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Clarksville

Another weird place in my city


Trailer Park Girls, “Life Goes On”


It seems to look a little sadder each time I drive by.

Yet there’s something still intriguing about the ramshackle Spokane Street Motel at Second and Spokane.

The classic, though now-broken sign, looks out of place in a commercial landscape of cheap neon and cookie-cutter plastic.

As long as it exists, the landmark Spokane Street Motel will be a memorial to its two former owners, Frank and Tessie Pozar, who disappeared on Oct. 29, 1984.

No bodies were found. No killer was ever caught.

Some years back, the tale haunted me enough to turn it into a song called…

Life Goes On

Tessie and Frank ran the Spokane Street Motel.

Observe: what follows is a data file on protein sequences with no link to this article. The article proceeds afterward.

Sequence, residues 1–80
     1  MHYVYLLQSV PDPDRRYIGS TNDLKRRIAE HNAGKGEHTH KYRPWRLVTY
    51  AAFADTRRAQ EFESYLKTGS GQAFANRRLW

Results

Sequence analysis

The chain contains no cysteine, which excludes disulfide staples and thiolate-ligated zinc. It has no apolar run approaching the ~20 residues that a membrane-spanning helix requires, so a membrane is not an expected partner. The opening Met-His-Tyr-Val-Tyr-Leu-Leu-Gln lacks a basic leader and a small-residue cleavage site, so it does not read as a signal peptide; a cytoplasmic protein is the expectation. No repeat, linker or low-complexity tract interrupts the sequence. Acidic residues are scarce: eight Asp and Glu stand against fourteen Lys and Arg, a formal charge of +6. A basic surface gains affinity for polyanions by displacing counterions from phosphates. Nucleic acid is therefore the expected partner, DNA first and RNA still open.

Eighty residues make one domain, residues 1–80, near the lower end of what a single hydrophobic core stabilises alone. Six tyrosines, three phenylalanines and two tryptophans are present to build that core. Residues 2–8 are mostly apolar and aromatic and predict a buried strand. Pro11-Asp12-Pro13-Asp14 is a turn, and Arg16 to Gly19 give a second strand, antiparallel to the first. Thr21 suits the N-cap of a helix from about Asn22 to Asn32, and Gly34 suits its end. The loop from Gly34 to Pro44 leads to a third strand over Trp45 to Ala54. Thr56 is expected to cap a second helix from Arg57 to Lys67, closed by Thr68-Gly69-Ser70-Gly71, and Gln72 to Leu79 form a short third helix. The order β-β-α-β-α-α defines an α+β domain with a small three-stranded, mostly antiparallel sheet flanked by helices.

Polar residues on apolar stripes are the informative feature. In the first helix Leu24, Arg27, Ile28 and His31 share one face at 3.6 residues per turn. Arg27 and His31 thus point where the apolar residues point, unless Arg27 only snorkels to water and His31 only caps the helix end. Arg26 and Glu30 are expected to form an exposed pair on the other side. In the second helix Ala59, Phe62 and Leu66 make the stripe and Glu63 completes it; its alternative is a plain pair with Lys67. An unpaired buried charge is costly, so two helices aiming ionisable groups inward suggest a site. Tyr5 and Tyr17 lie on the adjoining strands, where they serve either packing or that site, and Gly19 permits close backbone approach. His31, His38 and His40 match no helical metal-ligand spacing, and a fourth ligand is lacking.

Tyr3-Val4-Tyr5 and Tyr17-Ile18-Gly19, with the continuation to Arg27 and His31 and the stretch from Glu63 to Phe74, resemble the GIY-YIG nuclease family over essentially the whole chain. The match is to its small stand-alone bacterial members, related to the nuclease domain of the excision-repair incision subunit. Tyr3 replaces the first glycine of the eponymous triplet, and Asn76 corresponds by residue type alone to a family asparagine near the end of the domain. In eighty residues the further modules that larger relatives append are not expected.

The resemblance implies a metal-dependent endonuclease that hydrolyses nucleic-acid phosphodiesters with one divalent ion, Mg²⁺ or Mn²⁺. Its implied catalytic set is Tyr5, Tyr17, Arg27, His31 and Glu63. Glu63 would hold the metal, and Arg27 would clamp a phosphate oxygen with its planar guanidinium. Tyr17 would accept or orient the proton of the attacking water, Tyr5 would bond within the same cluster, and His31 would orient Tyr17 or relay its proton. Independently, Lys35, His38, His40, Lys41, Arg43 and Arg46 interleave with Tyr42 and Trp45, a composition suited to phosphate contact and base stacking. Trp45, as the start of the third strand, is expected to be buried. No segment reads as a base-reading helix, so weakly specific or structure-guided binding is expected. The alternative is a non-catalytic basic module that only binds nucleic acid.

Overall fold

Two hardworking souls, everybody wished them well.

Sailing away – into their golden years.

’Til that October day. Tessie and Frank disappeared.

Just a small crime, in a small town.

Happens every day.

Just a small crime, in a small town.

Headlines fade away.

And life goes on, just like it did before.

--

Evidence bags. Cops collected all the clues.

But with no bodies, murder is so hard to prove.

Sonny Boy said: “I ain’t takin’ no blame.”

And life goes on and the mystery still remains.

Just a small crime, in a small town.

Happens everywhere.

Just a small crime, in a small town.

Nobody seems to care.

And life goes on, just like it did before.

--

Was there blood on the walls?

Did they put up a fight?

Did they recognize the face of a killer that night?

Did they cry out in fear?

Were they simply erased?

How can two human beings disappear – without a trace?

--

Tessie and Frank ran the Spokane Street Motel.

Two hardworking souls, everybody wished them …

Just a small crime, in a small town.

Happens every day.

Just a small crime, in a small town.

Headlines fade away.

And life goes on, just like it did before.




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Doug Clark
Doug Clark joined The Spokesman-Review in 1982. He is a columnist whose columns appear on Tuesdays, Thursdays and Sundays.